The National Library of Medicine and Cochrane Database were queried using MeSH headings and key words relevant to pseudarthrosis and cervical spine surgery. Abstracts were reviewed, after which studies meeting inclusion criteria were selected. The guidelines group assembled an evidentiary table summarizing the quality of evidence (Classes I-III). Disagreements regarding the level of evidence were resolved through an expert consensus conference. The group formulated recommendations that contained the degree of strength based on the Scottish Intercollegiate Guidelines network. Validation was done through peer review by the Joint Guidelines Committee of the American Association of Neurological Surgeons/Congress of Neurological Surgeons.

Evaluation for pseudarthrosis is warranted, as there may be an association between clinical outcome and pseudarthrosis. The strength of this association cannot be accurately determined because of the variable incidence of symptomatic and asymptomatic pseudarthroses (Class III). Revision of a symptomatic pseudarthrosis may be considered because arthrodesis is associated with improved clinical outcome (Class III). Both posterior and anterior approaches have proven successful for surgical correction of an anterior pseudarthrosis. Posterior approaches may be associated with higher fusion rates following repair of an anterior pseudarthrosis (Class III).

If suspected, pseudarthrosis should be investigated because there may be an association between arthrodesis and outcome. However, the strength of this association cannot be accurately determined. Anterior and posterior approaches have been successful 3).



Wang M, Chou D, Chang CC, Hirpara A, Liu Y, Chan AK, Pennicooke B, Mummaneni PV. Anterior cervical discectomy and fusion performed using structural allograft or polyetheretherketone: pseudarthrosis and revision surgery rates with minimum 2-year follow-up. J Neurosurg Spine. 2019 Dec 13:1-8. doi: 10.3171/2019.9.SPINE19879. [Epub ahead of print] PubMed PMID: 31835252.

Fivefold higher rate of pseudarthrosis with polyetheretherketone interbody device than with structural allograft used for 1-level anterior cervical discectomy and fusion. J Neurosurg Spine. 2018 Oct 1:1-6. doi: 10.3171/2018.7.SPINE18531. [Epub ahead of print] PubMed PMID: 30485200.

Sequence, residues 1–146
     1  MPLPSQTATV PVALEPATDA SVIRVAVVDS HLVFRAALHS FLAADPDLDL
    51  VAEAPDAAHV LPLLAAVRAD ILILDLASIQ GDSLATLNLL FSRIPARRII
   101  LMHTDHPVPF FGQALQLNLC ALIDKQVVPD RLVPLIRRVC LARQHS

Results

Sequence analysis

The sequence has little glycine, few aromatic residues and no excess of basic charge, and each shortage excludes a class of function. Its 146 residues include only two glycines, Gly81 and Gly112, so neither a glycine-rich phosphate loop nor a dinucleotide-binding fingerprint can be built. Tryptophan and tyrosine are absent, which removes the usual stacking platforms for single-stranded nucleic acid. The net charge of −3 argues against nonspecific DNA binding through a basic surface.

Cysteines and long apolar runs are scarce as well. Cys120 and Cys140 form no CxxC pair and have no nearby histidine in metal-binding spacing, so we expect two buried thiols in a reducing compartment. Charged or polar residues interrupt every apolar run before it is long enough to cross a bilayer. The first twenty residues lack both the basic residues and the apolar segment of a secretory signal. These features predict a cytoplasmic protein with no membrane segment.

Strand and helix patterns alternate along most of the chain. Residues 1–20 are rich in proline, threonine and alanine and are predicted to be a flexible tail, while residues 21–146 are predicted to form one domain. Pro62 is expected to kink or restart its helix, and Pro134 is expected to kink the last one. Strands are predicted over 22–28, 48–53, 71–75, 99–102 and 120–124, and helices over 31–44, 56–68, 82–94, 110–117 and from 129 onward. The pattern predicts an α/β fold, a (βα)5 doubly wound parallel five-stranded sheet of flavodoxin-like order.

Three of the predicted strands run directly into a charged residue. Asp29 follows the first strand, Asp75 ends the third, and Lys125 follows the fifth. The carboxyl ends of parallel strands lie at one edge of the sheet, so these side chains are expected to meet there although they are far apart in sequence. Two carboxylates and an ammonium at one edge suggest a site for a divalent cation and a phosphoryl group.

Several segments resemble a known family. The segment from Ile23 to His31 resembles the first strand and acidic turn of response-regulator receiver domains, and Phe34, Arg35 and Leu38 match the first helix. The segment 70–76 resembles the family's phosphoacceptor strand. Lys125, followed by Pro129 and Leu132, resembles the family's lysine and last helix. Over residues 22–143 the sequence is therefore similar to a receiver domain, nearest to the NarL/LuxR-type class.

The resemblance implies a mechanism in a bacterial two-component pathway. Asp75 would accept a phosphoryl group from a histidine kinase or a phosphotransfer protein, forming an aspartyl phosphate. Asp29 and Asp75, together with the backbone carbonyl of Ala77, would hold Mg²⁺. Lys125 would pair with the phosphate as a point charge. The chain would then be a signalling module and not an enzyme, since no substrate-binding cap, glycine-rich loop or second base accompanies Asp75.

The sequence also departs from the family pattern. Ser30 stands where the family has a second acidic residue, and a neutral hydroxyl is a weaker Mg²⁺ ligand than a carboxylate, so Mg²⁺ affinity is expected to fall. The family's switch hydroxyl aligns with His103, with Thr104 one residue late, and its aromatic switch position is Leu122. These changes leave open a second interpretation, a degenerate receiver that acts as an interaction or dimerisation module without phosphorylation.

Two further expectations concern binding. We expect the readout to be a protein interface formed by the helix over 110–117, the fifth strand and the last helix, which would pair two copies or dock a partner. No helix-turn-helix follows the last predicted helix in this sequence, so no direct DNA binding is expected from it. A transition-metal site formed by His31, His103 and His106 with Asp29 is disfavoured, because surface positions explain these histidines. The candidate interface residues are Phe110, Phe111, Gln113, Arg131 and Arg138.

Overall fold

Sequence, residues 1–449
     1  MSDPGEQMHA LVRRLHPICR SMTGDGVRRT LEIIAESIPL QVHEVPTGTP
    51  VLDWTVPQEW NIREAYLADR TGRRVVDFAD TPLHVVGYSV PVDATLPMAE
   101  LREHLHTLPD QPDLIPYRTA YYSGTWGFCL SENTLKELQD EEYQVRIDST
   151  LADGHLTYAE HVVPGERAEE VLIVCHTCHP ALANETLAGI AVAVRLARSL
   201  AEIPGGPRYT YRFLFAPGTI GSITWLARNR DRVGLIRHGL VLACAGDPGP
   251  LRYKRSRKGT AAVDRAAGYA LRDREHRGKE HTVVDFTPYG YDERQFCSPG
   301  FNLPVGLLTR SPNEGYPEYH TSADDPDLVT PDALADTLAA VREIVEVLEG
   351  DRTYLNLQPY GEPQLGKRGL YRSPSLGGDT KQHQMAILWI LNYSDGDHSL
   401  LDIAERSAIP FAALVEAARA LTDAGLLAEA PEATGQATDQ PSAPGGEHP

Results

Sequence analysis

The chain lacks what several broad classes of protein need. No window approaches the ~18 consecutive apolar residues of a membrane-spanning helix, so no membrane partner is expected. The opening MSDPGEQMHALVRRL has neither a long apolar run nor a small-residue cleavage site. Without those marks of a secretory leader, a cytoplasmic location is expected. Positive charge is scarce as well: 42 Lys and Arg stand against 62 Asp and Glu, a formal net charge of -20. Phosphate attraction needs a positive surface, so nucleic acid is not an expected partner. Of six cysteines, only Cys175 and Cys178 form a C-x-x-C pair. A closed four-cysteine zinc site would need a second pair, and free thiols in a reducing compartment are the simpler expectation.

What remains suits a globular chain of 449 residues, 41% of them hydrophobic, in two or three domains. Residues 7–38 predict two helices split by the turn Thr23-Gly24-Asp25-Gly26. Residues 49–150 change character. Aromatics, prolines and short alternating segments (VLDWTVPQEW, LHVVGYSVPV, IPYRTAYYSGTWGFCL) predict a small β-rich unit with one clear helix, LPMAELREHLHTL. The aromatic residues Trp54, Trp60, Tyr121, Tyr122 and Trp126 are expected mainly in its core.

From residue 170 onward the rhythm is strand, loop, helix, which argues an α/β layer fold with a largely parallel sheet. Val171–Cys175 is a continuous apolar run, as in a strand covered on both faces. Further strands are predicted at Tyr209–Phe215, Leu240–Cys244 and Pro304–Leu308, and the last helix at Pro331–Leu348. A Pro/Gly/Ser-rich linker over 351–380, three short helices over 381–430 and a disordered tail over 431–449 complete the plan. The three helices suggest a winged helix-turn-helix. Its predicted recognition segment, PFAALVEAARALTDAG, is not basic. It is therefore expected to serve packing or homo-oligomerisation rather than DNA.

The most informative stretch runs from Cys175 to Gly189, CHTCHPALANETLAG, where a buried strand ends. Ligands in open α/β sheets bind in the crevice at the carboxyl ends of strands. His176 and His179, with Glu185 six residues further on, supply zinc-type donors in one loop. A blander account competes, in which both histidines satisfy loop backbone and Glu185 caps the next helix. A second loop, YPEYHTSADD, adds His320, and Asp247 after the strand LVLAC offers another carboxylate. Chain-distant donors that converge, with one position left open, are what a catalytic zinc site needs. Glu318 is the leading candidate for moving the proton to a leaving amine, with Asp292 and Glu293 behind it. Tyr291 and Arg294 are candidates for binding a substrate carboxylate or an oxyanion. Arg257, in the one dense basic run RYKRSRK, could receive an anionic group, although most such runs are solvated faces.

Kaiser MG, Mummaneni PV, Matz PG, Anderson PA, Groff MW, Heary RF, Holly LT, Ryken TC, Choudhri TF, Vresilovic EJ, Resnick DK; Joint Section on Disorders of the Spine and Peripheral Nerves of the American Association of Neurological Surgeons and Congress of Neurological Surgeons. Management of anterior cervical pseudarthrosis. J Neurosurg Spine. 2009 Aug;11(2):228-37. doi: 10.3171/2009.2.SPINE08729. PubMed PMID: 19769502.

Cervical disc arthroplasty

Cervical disc arthroplasty

An alternative to fusion. Uses an artificial disc to preserve motion at the level of the discectomy.


In the USA between 2009 and 2017 the utilization of single-level cervical disc arthroplasty (CDA) rose from 5.6 cases for every 100 ACDFs performed in 2009 to 28.8 cases per 100 ACDFs in 2017. The most substantial increases occurred from 2013 onward. The region of highest utilization was the Mountain region (ArizonaColoradoIdahoMontanaNevadaNew MexicoUtah, and Wyoming), where 14.3 CDAs were performed for every 100 ACDFs (averaged over the 9-year period of study). This is in contrast to the East South Central region (AlabamaKentuckyMississippi, and Tennessee), where only 2.1 CDAs were performed for every 100 ACDFs. Patient factors that significantly increased the odds of undergoing a CDR were age younger than 40 years (OR 15.9 [95% CI 10.0-25.5]; p < 0.001), no clinical evidence of myelopathy/myeloradiculopathy (OR 1.5 [95% CI 1.4-1.7]; p < 0.001), and a Charlson Comorbidity Index score of 0 (OR 2.7 [95% CI 1.7-4.2]; p < 0.001). After controlling for these factors, significant differences in utilization rates remained between regions (chi-square test = 830.4; p < 0.001) 1).



Total disc replacement is used for soft discal hernia resulting in cervicobrachial neuralgia.

Cervical artificial disc replacement (ADR) is supposed to preserve normal cervical range of motion than ACDF. A biomechanical measurement is necessary to identify the advantages and clinical implications of ADR. However, literature is scarce about this topic and in those available studies.

Three-dimensional motion analysis could provide useful information in an objective and quantitative way about cervical motion after surgery. In addition, it allowed to measure not only main motion but also coupled motion in three planes. ADR demonstrated better retained cervical motion mainly in sagittal plane (flexion and extension) and better preserved coupled sagittal and coronal motion during transverse plane motion than ACDF. ADR had the advantage in that it had the ability to preserve more cervical motions after surgery than ACDF 2).

Motion preserving anterior cervical disc arthroplasty (ACDA) in patients with cervical radiculopathy was introduced to prevent symptomatic cervical adjacent segment disease as compared to anterior cervical discectomy and fusion (ACDF).


Cervical arthroplasty was developed with the goal of preserving mobility of the cervical segment in patients with cervical degenerative disc disease.


1. position: supine, some use halter traction with this

2. equipment:

a) microscope (not used by all surgeons)

b) C-arm

3. implants: schedule vendor to provide a desired artificial disc

4. neuromonitoring: (optional) some surgeons used SSEP/MEP

5. consent (in lay terms for the patient—not all-inclusive):